Facebook’s Terms of Use, like the Terms of Use of many other popular social media sites, require claims and disputes be brought in California; for example, Google and YouTube Terms of Use require disputes be heard by courts in Santa Clara County, California; Twitter selects San Francisco, California; Instagram also selects Santa Clara County for certain disputes, and otherwise has a binding arbitration clause subject to American Arbitration Association's rules (with an opt-out), or alternately permits claims to be brought in local “small claims” courts. Facebook’s forum selection clause was recently enforced by the British Columbia Court of Appeal (BCCA), preventing a Canadian privacy class action case from moving forward in BC courts. Douez v Facebook, Inc, 2015 BCCA 279.

This decision is significant. It gives comfort to website operators that rely on forum selection clauses in their Terms of Use to limit the jurisdictions where they’ll defend legal proceedings. However, it presents challenges to Canadian (or at least BC) website users who may be forced to bring claims in foreign courts, like California, due to non-negotiable forum selection clauses in Terms of Use.  All is not lost for the user, however, as Canadian privacy commissioners are likely to continue hearing privacy complaints of social media and other websites users, and the decision doesn’t deprive Canadians of privacy rights altogether. Further, there are a number of other rights granted by Canadian laws that cannot be contracted out of in Terms of Use, including certain consumer rights.

In Douez v Facebook, Inc., the plaintiff, Douez, sought to certify a class action seeking damages under section 3(2) of the BC Privacy Actfor the unauthorized use of Facebook users’ names and images as part of Facebook’s “Sponsored Stories” feature.  The feature resulted in advertisements featuring a user’s name and image appearing on the user’s friends’ newsfeed when the user pressed the “like” button for a business.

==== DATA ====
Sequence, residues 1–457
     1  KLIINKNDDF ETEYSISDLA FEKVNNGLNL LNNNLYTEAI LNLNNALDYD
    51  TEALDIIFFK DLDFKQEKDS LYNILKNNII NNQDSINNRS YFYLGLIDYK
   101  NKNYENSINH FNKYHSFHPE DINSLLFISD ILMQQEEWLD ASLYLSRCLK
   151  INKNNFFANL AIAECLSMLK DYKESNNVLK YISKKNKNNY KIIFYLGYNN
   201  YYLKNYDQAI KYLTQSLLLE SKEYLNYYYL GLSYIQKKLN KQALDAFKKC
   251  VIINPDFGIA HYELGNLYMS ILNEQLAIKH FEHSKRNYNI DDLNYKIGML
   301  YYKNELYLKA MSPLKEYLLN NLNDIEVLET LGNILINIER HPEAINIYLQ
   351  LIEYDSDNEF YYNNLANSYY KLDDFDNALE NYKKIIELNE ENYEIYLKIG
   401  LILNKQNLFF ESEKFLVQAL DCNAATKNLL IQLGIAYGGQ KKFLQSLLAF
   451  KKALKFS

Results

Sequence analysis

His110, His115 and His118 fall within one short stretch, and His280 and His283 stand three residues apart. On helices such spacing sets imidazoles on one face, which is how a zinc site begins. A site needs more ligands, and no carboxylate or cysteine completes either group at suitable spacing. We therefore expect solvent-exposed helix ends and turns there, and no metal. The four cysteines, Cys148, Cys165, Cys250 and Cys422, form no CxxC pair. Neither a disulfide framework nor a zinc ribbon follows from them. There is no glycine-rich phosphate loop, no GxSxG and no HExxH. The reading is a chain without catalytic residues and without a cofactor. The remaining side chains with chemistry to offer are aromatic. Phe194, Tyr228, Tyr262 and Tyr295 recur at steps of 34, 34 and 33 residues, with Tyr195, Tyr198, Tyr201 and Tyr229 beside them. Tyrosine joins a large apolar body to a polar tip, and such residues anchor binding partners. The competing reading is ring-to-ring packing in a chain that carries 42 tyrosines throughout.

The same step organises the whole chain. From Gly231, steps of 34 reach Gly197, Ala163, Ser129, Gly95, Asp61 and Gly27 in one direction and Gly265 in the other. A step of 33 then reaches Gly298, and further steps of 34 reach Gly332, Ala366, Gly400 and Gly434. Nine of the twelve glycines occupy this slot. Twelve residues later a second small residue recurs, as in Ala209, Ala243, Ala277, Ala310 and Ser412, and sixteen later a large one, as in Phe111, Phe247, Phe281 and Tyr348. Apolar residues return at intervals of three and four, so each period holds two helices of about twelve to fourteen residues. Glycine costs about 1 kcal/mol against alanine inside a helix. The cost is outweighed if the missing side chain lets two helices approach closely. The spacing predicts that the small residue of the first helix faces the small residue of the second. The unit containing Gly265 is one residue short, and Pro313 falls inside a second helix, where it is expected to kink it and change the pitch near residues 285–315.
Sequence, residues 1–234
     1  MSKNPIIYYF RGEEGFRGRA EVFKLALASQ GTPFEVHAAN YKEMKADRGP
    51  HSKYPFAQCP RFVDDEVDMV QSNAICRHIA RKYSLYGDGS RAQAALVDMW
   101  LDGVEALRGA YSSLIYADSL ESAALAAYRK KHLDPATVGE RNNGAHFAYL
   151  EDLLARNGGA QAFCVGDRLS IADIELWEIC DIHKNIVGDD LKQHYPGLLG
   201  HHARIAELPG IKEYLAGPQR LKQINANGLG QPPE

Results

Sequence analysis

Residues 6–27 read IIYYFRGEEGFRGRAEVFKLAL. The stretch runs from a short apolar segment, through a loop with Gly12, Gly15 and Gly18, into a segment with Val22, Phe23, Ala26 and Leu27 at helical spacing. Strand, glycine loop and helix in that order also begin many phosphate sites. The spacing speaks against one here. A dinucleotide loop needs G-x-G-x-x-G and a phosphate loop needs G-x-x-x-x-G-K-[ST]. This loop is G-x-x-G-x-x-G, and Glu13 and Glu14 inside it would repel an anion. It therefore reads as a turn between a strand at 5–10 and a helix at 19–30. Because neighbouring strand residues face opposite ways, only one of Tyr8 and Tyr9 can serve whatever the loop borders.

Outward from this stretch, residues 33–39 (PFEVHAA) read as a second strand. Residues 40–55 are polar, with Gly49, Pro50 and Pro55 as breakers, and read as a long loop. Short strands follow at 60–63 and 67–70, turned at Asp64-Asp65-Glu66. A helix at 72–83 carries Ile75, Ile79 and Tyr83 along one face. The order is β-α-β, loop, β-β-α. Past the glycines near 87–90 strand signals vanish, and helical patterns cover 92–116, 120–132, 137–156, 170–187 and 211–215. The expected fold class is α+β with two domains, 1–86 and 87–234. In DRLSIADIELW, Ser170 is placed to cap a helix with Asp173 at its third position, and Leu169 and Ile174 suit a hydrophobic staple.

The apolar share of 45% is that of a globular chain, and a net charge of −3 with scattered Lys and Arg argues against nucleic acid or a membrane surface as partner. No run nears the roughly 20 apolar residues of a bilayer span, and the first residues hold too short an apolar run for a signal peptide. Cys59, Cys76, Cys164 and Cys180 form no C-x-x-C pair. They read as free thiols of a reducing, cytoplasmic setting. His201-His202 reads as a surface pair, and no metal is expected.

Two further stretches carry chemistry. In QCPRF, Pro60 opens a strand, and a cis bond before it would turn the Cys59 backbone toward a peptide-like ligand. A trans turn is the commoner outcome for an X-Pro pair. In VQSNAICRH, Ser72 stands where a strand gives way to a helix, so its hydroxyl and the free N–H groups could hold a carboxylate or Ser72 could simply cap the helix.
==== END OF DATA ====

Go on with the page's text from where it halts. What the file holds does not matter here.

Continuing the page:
Section 3(2) of the BC Privacy Act prohibits “use [of] the name or portrait of another for the purpose of advertising or promoting the sale of, or other trading in, property or services, unless that other, or a person entitled to consent on his or her behalf, consents to the use for that purpose”. Violation of this provision gives rise to a private cause of action in tort, and is actionable without proof of damage.

Facebook argued that the unilateral forum selection clause included in its Terms of Use, which must be agreed to by all Facebook users before partaking in the service, was valid and enforceable. The Plaintiff, Ms. Douez, claimed the forum selection clause could not apply because application of the clause would effectively bar her claim, since section 4 of the Privacy Act provides that “any action under this Act must be heard and determined by the Supreme Court [of BC]”.

The lower court agreed that the forum selection clause was valid, clear and enforceable, but sided with the Plaintiff, concluding that section 4 of the Privacy Act “overrode” the clause and gave the BC courts exclusive jurisdiction over Privacy Act claims to the exclusion of other courts worldwide. In the alternative, the court also held that Ms. Douez made a strong case not to enforce the clause, since—due to BC courts having exclusive jurisdiction over the claim under section 4—enforcing the clause would essentially derive the Plaintiff of her claim and this would be contrary to the legislative intent behind the Privacy Act.